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El Tajín Historical Facts and Pictures

The pre-Columbian archaeological site of El Tajín is located in the Mexican state of Veracruz. The site has great Mesoamerican archaeological significance, as it is one of the most thoroughly excavated and the best-preserved pre-Hispanic cities from the Classic era. The paintings and ruins discovered at the archaeological site provide useful information on the daily life of people, including their rituals and society during the time after the decline of Teotihuacan empire.

El Tajin Map

El Tajin Map

El Tajin

El Tajin

El Tajín History

Although it was previously believed that the pre-Hispanic town was inhabited in three different phases during 100 BC-1200 AD, recent research suggests that El Tajín was occupied only in one phase during 800-1200 AD. The El Tajín settlement is contemporary with Mayan settlements like Chichen Itza and Uxmal as well as settlements on central plateau like Tula and Xochicalco. After 1200 AD, the mighty Mexico-Tenochtitlan kingdom took control of the region, causing abandonment and destruction of the site.

The Pyramid of the Niches

Characterized by its unusual design, the Pyramid of the Niches, also known as Temple of the Niches, Pyramid of the Seven Stories, and Pyramid of Papantla, is the main attraction of the site. The seven-storied building is built of carefully crafted flagstones, with each of the stories consisting of vertical walls called tableros and sloping base walls known as taluds. The pyramid has decorative niches capped by a triangular extension known as the “flying cornice”. The large tablets recovered from the pyramid depict a ruler in the form of a deity, involved in different mythological or ritual scenes. The frets, called xicalcoliuhqui embellish the sides of the staircase leading to the temple.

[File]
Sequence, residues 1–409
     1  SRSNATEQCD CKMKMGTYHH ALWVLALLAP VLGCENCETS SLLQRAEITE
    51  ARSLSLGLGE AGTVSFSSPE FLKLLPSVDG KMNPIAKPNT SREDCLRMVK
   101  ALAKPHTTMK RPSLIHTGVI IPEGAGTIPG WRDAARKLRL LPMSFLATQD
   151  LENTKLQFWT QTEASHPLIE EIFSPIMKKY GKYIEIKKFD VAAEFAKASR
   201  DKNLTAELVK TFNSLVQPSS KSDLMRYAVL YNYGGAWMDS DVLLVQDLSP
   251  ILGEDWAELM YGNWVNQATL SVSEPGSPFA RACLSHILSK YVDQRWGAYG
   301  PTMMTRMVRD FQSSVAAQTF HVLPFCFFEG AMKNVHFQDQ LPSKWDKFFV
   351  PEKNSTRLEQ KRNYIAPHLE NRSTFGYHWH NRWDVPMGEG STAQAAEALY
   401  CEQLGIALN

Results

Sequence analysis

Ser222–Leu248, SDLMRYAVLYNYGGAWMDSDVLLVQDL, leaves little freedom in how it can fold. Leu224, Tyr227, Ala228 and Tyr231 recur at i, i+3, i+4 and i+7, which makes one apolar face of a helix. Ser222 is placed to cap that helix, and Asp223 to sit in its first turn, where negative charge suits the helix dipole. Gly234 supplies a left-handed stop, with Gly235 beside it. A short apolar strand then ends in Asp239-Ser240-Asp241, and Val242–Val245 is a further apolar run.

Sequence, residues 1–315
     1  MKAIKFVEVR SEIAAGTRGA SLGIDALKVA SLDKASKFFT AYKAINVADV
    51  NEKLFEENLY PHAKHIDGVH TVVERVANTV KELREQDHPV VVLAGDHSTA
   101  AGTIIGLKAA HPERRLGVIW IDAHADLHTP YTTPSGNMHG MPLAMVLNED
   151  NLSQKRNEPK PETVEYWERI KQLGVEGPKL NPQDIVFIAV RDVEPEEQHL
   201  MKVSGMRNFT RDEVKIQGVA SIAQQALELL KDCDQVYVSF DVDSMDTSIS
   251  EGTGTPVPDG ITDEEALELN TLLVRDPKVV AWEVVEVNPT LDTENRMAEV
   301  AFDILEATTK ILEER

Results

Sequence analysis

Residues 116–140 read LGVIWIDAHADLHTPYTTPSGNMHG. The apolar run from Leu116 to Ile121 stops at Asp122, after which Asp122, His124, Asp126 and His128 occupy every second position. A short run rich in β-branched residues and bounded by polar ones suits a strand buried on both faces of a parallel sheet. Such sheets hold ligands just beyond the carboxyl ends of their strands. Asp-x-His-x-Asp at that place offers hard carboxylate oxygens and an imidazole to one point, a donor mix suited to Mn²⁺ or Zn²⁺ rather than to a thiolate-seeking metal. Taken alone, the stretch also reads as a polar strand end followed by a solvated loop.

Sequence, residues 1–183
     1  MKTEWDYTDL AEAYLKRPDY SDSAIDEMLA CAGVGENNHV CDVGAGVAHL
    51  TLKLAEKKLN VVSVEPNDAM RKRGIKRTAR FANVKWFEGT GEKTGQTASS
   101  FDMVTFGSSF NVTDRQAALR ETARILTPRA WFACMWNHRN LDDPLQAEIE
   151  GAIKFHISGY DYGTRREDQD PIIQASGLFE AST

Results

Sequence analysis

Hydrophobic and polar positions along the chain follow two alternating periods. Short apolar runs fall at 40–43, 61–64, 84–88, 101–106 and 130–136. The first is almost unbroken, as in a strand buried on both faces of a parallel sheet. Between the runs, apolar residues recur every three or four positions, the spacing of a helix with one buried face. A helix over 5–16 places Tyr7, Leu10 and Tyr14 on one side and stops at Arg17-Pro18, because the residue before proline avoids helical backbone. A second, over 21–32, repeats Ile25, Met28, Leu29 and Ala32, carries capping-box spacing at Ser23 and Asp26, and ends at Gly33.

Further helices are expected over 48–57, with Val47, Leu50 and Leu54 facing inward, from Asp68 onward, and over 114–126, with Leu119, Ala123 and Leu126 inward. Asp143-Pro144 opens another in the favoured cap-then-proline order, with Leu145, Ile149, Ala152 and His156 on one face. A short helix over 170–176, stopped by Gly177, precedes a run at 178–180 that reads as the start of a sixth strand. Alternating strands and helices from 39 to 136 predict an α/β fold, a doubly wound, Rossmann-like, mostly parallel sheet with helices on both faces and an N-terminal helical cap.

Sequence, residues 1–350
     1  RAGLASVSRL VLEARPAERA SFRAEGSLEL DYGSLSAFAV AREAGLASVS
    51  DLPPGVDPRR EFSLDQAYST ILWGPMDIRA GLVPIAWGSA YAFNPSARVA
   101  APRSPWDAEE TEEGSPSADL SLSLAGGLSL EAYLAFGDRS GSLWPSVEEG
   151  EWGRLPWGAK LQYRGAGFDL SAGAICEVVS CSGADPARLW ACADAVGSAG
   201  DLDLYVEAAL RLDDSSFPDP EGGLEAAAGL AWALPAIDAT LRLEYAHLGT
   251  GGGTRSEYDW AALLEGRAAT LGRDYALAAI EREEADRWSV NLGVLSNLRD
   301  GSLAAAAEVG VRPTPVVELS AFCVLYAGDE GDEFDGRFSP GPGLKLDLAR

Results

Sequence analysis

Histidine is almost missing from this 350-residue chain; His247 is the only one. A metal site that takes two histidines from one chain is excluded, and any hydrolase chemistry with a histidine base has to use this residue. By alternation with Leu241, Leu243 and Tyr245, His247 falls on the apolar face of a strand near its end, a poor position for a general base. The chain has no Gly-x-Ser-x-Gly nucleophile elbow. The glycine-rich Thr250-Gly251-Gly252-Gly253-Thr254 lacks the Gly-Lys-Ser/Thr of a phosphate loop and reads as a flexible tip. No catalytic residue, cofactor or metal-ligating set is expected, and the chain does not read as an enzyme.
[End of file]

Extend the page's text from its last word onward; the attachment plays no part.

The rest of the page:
The Ballcourts

North Ballcourt

Built by three large flagstone layers, this ballcourt features an ornamental fresco and six carved panels depicting ritual scenes. The four panels at the end depict scenes related to the ball game ritual. The panels at the centre symbolize the gods performing their own ritual or responding to the entreaties of people.

South Ballcourt

This ballcourt features vertical sculpted walls along with sculpted panels depicting how the game was played, complete with sacrifice, ceremonies, and the gods’ response.

Tajin Chico

As a multilevel section of the site, Tajin Chico is an immense complex consisting of several palaces and civil structures.

  • Building A: This building with two levels has niches and stepped frets. The solid base at the lower level features large rectangular panels that appear red.
  • Building B: A two story building that was categorized as a palace.
  • Building C: This building was probably used by the rulers or priests to receive petitioners, visitors, and others.
  • Building of the Columns: The highest section of Tajin Chico is dominated by this structure, whose east façade was decorated with flagstone columns.



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Quick Info

20°26’53.01”N and 97°22’41.67”W

Veracruz, Mexico

Early Classic-Late Postclassic
Classic Veracruz culture
UNESCO World Heritage Site